Two greyhounds standing next to each other, showcasing their healthy teeth.

What to do if you parent one of these breeds?

With that said, what do you do if your pup is on the list of dogs with teeth troubles? You focus on preventive care! This is crucial for all dogs, but especially for these breeds.

Keeping your dog’s teeth shiny and healthy is totally doable with a few smart moves. Here’s the lowdown on how to keep those pearly whites in tip-top shape…

Brushing is your new best friend

Yes, it might sound a bit odd at first, brushing your dog’s teeth, but think of it as bonding time! Grab a dog-friendly toothbrush and some tasty dog toothpaste (chicken flavour, anyone?), and gently make it a part of your daily routine. Your furry pal might be a bit puzzled at first, but they’ll get the hang of it. Aim for daily, but a few times a week is better than nothing.

If you want to give your pet a proper tooth cleaning regime, read our guide on dog teeth cleaning.

Vet visits are cool

Just like us, dogs need professional cleanings too. Chat with your vet about scheduling regular dental check-ups and cleanings. They have the tools and know-how to get rid of the nasty plaque and tartar that can build up over time and land you with a dog with dental problems.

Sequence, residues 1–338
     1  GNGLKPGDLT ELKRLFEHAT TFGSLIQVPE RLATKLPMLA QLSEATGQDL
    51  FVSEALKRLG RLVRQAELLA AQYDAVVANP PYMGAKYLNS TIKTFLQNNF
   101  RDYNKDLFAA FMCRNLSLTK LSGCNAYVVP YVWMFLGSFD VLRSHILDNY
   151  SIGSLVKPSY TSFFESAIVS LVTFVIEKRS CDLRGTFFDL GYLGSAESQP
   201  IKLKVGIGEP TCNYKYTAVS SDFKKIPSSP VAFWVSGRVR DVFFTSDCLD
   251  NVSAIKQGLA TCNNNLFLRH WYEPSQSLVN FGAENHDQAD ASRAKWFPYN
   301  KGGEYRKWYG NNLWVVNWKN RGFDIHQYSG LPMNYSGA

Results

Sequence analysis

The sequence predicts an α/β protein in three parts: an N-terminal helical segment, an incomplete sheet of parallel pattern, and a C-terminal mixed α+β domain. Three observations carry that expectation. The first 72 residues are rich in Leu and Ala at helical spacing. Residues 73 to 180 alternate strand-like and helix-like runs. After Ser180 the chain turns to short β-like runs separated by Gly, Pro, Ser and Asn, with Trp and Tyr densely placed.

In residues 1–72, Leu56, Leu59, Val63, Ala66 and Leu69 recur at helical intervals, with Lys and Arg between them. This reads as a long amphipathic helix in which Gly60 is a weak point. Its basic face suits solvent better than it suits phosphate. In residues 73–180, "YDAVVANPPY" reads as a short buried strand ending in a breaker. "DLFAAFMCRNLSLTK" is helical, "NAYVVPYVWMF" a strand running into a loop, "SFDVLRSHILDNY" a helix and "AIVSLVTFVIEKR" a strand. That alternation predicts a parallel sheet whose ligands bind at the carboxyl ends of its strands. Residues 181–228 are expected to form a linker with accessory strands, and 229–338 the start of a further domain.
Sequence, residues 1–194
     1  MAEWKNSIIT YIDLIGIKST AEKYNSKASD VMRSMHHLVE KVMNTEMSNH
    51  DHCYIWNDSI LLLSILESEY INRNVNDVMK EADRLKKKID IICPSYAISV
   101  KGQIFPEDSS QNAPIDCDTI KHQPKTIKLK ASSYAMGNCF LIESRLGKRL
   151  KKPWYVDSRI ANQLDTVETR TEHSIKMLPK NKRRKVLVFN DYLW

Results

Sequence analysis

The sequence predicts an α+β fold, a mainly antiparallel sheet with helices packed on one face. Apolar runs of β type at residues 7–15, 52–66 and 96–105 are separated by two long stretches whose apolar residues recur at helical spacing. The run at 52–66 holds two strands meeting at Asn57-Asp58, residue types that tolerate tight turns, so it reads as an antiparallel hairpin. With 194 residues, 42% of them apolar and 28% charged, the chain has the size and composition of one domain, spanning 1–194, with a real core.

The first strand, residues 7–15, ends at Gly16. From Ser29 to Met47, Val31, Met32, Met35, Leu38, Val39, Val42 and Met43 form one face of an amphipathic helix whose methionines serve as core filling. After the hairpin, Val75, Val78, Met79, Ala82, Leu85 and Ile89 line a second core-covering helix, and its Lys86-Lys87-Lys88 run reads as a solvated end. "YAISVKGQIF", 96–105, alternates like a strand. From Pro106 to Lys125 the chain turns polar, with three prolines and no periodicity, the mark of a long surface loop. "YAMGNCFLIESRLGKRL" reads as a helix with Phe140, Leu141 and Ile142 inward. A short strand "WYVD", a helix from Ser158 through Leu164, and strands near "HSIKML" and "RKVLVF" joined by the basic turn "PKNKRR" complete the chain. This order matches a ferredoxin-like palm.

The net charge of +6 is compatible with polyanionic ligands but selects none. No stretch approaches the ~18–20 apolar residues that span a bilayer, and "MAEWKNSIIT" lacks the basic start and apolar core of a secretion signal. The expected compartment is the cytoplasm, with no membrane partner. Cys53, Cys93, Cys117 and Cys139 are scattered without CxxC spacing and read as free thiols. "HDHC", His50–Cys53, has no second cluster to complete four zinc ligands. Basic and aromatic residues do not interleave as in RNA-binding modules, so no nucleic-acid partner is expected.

PS: Did you know that dog braces are a real thing? Read about how they help maintain good dog dental health.

Keep an eye out

Stay vigilant for any signs that something’s off. Bad breath, trouble munching on their favourite toy, or any unusual drooling? These could be your dog’s way of saying, “Hey, I need a little help here!”

Chew on this

Invest in some dental chews or toys designed specifically for dental health. Not only do they help clean those chompers as your dog chews, but they’re also a great way to keep them entertained.

Food for thought

Did you know certain dog foods are formulated to help keep teeth clean? It’s true! Ask your vet for recommendations on the best diet to support your dog’s dental health and help them avoid issues like gingivitis.

The power of prevention

Regularly checking your dog’s mouth and being proactive can save you and your dog with dental problems from future troubles. Think of it as keeping ahead of the game.

When in doubt, check it out

If something seems off, don’t wait. Whether it’s a weird smell coming from their mouth or they’re not as keen on chewing their toys, getting it checked out by a vet sooner rather than later is always the best bet.

A person is providing a dental check-up for a dog, examining its teeth.

Pet dental insurance for dog dental problems

In New Zealand 70% of pets over the age of three suffer from dental diseases. That’s nothing to sneeze at and, thankfully, there’s no need to with pet dental insurance.

PD Insurance’s Deluxe dog insurance plan includes covers treatment for a range of dog teeth issues. For example, tooth removal to combat overcrowding from baby teeth, gum disease, and abscesses.

Start today and you’ll get one or months of FREE dog insurance. Click below to get a quote.